By Jim Schutze
By Rachel Watts
By Lauren Drewes Daniels
By Anna Merlan
By Lee Escobedo
By Eric Nicholson
There is a good explanation for Parkhurst's strong reaction to the city inspectors who kept appearing outside her kitchen window. With each new day, it seemed, she was given a new citation for some new violation that she couldn't understand.
The day Parkhurst allegedly tried to run Crowley over in her driveway, Crowley gave her a citation for dumping 200 loads of dirt on her driveway. Crowley wrote the citation based on a statement he claims Parkhurst made, according to court records. Parkhurst denies making the statement and, though she concedes that there was a pile of dirt on her driveway, she says it wasn't 200 loads.
Two weeks later, Crowley issued Parkhurst another citation, in which he accused her of "vending services" without a certificate of occupancy. Crowley says he issued the citation based on a tip from a marshal that Parkhurst was getting paid to receive the mulch.
Both of those citations were later dismissed, but Parkhurst and Rhoads must still deal with a citation that fire inspector James Brown issued October 13 after he determined that the mulch pile posed a fire hazard.
"Spontaneous combustion creates deep-seated fires within the pile that are difficult to extinguish," Brown wrote. "Control and extinguishment of these fires require extensive resources from a manpower and equipment standpoint, resulting in a lengthy and expensive operation."
In addition, Crowley says he is going to issue Rhoads and Parkhurst a new citation each for operating an illegal dump without a permit with the hope that they appear together before the same judge, who will finally put the matter to rest.
"Once we get a judge to uphold our position, then that will give us more power to pursue a heavy clear," he says.
In city lingo, a heavy clear means that a team of city employees will remove the mulch pile from Parkhurst's yard.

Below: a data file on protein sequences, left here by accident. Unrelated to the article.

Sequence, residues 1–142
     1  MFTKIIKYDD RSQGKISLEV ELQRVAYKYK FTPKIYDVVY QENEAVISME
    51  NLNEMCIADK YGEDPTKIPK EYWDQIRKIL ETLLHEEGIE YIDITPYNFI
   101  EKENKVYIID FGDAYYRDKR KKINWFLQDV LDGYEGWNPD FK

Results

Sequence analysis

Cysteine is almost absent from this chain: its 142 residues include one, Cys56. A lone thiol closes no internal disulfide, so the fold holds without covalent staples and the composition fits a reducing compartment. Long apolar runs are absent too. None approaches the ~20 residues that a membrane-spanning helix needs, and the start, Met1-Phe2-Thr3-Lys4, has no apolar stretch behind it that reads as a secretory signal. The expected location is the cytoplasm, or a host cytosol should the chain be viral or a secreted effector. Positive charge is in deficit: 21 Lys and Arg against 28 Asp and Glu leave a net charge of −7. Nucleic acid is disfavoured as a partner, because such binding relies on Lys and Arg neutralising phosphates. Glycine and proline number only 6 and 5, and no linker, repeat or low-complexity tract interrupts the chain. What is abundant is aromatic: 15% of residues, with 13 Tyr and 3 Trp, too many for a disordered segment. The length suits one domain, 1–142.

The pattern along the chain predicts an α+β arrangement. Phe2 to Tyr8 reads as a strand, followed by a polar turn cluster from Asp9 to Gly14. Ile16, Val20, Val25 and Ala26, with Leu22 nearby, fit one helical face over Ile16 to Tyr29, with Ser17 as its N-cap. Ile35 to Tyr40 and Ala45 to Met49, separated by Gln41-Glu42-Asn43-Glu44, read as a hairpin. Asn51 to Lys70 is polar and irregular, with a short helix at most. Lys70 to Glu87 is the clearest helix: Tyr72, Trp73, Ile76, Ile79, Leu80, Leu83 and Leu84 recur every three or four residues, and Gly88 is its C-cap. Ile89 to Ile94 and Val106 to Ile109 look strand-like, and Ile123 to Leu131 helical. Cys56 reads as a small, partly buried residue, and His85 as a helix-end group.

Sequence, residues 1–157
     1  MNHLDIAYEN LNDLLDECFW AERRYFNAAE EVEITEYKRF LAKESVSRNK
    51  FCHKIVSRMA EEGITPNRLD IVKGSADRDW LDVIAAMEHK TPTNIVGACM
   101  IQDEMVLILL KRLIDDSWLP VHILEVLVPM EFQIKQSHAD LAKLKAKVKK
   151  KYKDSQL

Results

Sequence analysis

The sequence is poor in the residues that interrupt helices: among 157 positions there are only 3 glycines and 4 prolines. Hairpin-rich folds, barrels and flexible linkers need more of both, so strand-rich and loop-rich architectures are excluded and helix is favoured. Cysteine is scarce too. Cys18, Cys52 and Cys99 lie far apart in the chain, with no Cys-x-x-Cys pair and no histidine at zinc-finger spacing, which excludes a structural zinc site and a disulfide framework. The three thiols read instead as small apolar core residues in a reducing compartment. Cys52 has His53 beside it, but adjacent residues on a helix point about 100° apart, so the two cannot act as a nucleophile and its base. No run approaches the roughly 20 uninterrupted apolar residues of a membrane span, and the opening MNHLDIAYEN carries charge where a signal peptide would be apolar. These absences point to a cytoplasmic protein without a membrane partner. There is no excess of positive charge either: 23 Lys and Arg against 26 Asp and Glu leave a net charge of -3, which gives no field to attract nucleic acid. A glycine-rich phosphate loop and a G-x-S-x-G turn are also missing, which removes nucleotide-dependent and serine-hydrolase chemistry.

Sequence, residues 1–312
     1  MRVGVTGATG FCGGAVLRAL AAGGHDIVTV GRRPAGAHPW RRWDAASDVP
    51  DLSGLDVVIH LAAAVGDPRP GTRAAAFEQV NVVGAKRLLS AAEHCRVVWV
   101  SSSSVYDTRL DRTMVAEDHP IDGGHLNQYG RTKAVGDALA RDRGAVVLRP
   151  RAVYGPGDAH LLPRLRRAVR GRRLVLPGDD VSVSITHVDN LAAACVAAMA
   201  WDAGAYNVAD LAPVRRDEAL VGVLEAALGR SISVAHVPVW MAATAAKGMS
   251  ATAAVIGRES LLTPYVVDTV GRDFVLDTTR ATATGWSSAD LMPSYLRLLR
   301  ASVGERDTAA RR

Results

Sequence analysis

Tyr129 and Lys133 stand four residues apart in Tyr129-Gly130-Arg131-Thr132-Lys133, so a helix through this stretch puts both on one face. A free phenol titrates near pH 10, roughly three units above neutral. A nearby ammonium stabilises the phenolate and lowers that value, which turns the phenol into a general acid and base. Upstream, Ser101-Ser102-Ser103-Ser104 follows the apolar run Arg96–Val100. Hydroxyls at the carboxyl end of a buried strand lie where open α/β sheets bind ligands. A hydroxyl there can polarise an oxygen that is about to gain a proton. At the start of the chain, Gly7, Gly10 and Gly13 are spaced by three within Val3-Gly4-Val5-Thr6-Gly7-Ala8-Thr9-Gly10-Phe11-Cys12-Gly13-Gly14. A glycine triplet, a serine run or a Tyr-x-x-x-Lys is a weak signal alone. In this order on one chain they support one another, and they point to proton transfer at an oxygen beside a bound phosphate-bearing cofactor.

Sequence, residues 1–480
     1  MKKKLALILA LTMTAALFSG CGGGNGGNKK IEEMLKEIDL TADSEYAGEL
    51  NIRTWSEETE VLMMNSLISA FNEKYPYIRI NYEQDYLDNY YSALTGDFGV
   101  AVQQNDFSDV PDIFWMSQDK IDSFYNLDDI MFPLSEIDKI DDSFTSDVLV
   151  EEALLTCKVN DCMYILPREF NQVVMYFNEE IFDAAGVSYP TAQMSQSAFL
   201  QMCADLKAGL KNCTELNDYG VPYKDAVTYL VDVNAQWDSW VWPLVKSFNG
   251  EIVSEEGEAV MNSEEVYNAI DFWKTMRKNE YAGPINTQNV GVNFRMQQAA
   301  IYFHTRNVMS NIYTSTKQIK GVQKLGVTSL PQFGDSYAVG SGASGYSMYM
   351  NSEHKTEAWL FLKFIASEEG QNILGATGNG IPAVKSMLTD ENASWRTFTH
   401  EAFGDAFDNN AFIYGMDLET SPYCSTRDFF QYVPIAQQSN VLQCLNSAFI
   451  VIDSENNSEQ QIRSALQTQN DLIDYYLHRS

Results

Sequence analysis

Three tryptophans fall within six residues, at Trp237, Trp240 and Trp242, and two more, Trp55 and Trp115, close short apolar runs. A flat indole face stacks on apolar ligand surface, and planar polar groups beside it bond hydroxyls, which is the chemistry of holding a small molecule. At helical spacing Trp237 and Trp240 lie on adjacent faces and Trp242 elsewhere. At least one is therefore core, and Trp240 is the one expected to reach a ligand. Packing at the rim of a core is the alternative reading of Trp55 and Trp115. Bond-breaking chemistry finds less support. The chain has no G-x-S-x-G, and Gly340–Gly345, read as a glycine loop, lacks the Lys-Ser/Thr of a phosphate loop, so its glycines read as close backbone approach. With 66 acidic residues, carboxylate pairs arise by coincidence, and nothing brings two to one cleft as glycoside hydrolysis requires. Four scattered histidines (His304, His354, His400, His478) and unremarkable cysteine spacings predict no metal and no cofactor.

"The taxpayers would have to front the money, and a lien would have to be put on the property," Crowley says. "Whoever the judge decides is responsible [for the dumping], gets the lien."
Needless to say, the bureaucratic runaround didn't make life on the 7200 block of Eccles Drive any easier. Tension between Parkhurst and Rhoads continued to mount daily.
On September 5, Parkhurst called the police to report that Rhoads had allegedly stolen a no trespassing sign from her yard. Although neither Parkhurst nor the police saw Rhoads take the sign, the police issued Rhoads a misdemeanor citation for theft.
At least four additional police calls were made from the Parkhurst residence during October, two of them from Heather King, Parkhurst's 22-year-old daughter.
During a recent interview, Parkhurst presented a picture of her smiling, blonde daughter and volunteered that she and King had recently got into a fight over the daughter's boyfriend. Anticipating that her enemies will use information about the confrontation against her, Parkhurst concedes that she gave her daughter a black eye.
"I did hit her," says Parkhurst, who displays a picture of bruises on her own arm. "But she hit me worse."
The day Charlotte Parkhurst got hauled off to jail began innocently enough. But it quickly turned into a nightmare, which was perhaps appropriate considering the next day was Halloween.
Tim Smith, a friend of Rhoads, agreed to spend the day planting pansies in the Eccles Drive cul-de-sac, right in the middle of Parkhurst's line of sight.
According to Parkhurst, she was at her kitchen island baking cookies all day in anticipation of the trick-or-treaters who would arrive the next day.
Except for taking her car to Precision Tune for a lube job, Parkhurst says, she never left the house. At dusk, she was about to feed her dogs when a police officer arrived and told her that the neighbors were complaining that she had been yelling at them all day.
Parkhurst says that she tried to explain the ongoing problem with her neighbors, but that the officers wouldn't listen. Instead, they suggested that she go downtown to speak to a judge. Parkhurst left for the jail, with no shoes on her feet and high hopes of bending a judge's ear.
"I was never told I was arrested," says Parkhurst, who spent the night in jail after being arrested on a Class C misdemeanor charge for disorderly conduct and profanity.
But, like her conspiracy theory, Parkhurst's version of events is just a little too weird to believe.
Although he could not produce a full report on the arrest, Dallas police spokesman Miguel Sarmiento confirms that the officers made the arrests after repeated attempts to calm Parkhurst.
"She began screaming at the officers after they arrived, and they warned her about staying calm," Sarmiento says. "She refused a couple of warnings."
When told that Parkhurst contends that she was baking cookies all day before her arrest, those gathered at Rhoads' home break into laughter.
At about 5:15 p.m., Rhoads dialed 911 and reported that a woman was screaming at people in his yard.
After enduring comments from Parkhurst throughout the day, Rhoads says, Tim Smith finally lost his patience when Parkhurst approached him and asked him if he was going inside Rhoads' house for his payoff.